The advantages of a validated signature

[French version]

A validated signature provides the genealogist with the almost certainty that the considered signature was indeed that of the MRCA.  Prior the MRCA, certainty declines on average by 1% at each generation. Indeed, a Non-Parental-Event (NPE) may have occur at any of the generations that preceded the MRCA, introducing a rupture in the transmission of DNA from a documented ancestor to any of alleged filial descendant that lived upstream the MRCA.

A successful triangulation thus establishes the validity of  the whole chain of filiations from the MRCA down to the persons who provided the DNA in support of the triangulation.

Once validated, any genealogist can use this information to validate at least partially matrilines and patrilines in any genealogy that contains these ancestors.  Indeed, a genealogical tree is composed of alternate matrilines and patrilines. To validate a whole chain of filiations part of a matriline through mtDNA or those of a patriline through Y-DNA, the genealogist compares the signature of an alleged living descendant to that of the ancestor at the apex of his matriline or patriline. When these signatures match,  this identity confirms the whole chain of documented filiations in a matriline or patriline leading to the person tested.

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A validated ancestral signature can also be used to predict the signature of descendants. This is a very powerful advance for genealogy, which is brightly exploited by Denis BEAUREGARD’s FrancoGene.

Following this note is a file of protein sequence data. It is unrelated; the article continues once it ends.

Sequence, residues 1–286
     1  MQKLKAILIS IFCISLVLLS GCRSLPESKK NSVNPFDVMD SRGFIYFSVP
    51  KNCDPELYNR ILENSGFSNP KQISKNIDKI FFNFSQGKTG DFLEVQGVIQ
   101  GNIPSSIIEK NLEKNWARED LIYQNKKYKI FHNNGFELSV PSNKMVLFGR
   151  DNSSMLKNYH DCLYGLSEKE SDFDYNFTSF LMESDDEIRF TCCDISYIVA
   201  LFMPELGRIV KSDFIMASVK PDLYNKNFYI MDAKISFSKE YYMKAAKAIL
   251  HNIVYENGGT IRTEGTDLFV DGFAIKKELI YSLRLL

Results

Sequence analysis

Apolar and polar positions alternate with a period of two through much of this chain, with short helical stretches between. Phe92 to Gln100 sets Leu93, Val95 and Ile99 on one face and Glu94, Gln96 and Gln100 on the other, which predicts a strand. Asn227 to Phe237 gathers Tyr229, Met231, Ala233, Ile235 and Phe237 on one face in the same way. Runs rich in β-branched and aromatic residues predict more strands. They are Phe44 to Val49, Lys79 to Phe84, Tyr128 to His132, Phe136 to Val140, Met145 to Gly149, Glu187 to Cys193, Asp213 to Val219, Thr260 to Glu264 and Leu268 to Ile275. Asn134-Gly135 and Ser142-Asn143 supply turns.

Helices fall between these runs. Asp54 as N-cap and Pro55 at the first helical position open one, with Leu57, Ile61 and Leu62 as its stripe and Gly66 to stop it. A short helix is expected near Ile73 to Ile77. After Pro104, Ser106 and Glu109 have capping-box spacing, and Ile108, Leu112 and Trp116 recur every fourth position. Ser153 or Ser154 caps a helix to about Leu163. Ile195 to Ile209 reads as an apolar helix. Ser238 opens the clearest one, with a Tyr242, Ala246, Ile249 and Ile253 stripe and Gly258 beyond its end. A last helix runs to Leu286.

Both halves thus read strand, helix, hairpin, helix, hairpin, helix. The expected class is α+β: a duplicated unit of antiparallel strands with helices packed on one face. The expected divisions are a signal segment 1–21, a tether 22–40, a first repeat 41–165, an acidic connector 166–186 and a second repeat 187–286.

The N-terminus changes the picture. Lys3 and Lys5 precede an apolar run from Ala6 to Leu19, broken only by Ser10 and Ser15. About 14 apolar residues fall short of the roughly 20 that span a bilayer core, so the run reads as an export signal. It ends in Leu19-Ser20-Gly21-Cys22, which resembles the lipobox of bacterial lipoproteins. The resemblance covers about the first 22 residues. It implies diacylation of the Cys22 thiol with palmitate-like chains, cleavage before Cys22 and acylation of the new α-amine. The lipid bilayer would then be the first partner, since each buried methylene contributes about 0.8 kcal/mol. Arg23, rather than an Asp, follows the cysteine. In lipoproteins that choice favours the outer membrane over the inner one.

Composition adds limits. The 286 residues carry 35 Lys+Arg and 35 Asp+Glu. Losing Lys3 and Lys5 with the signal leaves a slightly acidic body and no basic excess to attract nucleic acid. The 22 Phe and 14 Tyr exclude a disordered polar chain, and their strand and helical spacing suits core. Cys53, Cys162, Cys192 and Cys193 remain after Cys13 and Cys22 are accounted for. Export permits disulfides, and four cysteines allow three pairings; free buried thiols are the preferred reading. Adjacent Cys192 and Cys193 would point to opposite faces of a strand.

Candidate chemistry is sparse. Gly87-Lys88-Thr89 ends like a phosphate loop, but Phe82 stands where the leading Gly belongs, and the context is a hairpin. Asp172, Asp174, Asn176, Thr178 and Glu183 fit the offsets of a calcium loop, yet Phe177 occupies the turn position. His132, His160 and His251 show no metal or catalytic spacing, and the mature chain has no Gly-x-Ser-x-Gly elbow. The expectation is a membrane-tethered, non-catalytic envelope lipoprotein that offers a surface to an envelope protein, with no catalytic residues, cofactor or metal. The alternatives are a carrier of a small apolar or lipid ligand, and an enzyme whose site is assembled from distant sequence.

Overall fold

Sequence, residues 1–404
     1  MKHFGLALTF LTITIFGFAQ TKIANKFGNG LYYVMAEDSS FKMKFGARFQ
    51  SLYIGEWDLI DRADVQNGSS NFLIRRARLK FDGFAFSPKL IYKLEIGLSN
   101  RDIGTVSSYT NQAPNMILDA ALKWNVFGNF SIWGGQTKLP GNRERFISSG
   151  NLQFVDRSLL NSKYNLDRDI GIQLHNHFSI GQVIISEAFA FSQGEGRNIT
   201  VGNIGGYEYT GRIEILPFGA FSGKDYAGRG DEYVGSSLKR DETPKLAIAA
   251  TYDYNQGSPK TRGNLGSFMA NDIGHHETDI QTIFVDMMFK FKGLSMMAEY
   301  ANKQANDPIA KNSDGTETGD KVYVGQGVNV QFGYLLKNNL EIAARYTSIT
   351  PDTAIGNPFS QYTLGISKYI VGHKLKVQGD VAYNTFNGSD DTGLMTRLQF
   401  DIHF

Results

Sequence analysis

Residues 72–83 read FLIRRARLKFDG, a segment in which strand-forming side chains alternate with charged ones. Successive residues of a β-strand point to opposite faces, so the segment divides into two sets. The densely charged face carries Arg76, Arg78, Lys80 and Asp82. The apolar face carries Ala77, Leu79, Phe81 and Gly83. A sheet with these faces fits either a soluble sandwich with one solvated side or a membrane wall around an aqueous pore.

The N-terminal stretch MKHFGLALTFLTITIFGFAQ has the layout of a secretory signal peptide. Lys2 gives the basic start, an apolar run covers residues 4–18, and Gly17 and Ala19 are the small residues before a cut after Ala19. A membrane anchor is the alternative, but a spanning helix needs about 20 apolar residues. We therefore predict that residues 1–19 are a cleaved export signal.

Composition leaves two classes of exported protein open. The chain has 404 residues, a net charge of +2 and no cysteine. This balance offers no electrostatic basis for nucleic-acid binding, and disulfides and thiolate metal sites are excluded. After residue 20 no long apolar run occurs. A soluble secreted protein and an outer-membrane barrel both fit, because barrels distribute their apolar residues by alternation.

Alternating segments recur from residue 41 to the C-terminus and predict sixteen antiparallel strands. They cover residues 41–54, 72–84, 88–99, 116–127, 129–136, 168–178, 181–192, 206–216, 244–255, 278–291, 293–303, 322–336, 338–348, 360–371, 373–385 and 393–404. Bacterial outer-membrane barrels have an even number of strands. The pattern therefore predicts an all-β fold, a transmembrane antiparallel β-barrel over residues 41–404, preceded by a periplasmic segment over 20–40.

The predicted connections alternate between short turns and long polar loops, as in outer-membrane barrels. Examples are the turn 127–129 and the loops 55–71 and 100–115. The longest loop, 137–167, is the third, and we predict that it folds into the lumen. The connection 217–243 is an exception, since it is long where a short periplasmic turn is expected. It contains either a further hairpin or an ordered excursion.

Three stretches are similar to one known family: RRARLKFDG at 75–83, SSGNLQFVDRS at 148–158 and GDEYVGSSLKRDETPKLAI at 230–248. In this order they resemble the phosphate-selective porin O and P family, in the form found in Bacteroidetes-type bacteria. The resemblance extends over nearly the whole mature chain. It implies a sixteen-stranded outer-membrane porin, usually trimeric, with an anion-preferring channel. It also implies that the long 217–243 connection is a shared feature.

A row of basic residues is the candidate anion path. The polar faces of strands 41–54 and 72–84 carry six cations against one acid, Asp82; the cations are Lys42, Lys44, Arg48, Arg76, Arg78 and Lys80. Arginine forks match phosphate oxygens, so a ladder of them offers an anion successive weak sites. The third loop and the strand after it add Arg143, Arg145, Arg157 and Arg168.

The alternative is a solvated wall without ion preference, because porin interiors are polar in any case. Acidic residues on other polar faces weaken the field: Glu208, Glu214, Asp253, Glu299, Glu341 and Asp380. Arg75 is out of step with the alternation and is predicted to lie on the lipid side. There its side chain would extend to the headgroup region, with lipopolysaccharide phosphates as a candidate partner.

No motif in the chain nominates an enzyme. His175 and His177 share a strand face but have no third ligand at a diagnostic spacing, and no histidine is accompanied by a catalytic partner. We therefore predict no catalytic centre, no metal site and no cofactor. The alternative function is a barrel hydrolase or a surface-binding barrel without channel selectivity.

In some cases,  validated ancestral signatures will show very peculiar characteristics and will belong to a very restricted haplogroup in the studied population. Knowing the signature of a newly tested person, it becomes possible in many cases to predict its matriarch or patriarch,  in absence of knowing the corresponding paper trail. Conversely, knowing from documentary research who was the matriarch or the patriarch of someone makes it possible to predict, using our Catalogue, to predict the signature of the person tested.

In general, once the matriarch or patriarch is known, documentary research is greatly facilitated. In some cases, knowledge of the matriarch or the patriarch on the DNA level will bypass a documentary impasse or will solve family rumors, helping to resolve family mysteries. Knowing who was most probably our matriarch or patriarch can guide documentary research.  This is particularly useful for adopted persons or for those who have lost their surname or roots.

Most genealogists aim to complete their paper trail in the country of origin of the pioneer who founded their mtDNA and Y-DNA lines in America and  possibly reconnect with long lost cousins in Europe or elsewhere. However, in order to ‘cross the pond’,  one must firstly verify that his or her signature is really that brought by the pioneer. This verification must be done through triangulation BEFORE inviting to test or sending free kits to Europeans carrying the same surname or reporting a common shared ancestress that lived overseas prior to the arrival of the pioneer.

It is thus clear that a triangulated signatures can serve as a beacon for those seeking their origins. When a genealogist finds that his signature is consistent with that published in the catalogue and his paper trail leads to the same matriarch or patriarch as that mentioned in the Catalogue,  such a knowledge confirms the authenticity of his documentary research as well as descent from that ancestor.

On the contrary, when the mtDNA signature of a descendant does not match that of the matriarch or patriarch foreseen by the documentary research,  the genealogist understands that he is in the presence of a Non Parental Event (NPE) or that his documentary research is in error, suggesting a redirection of his research.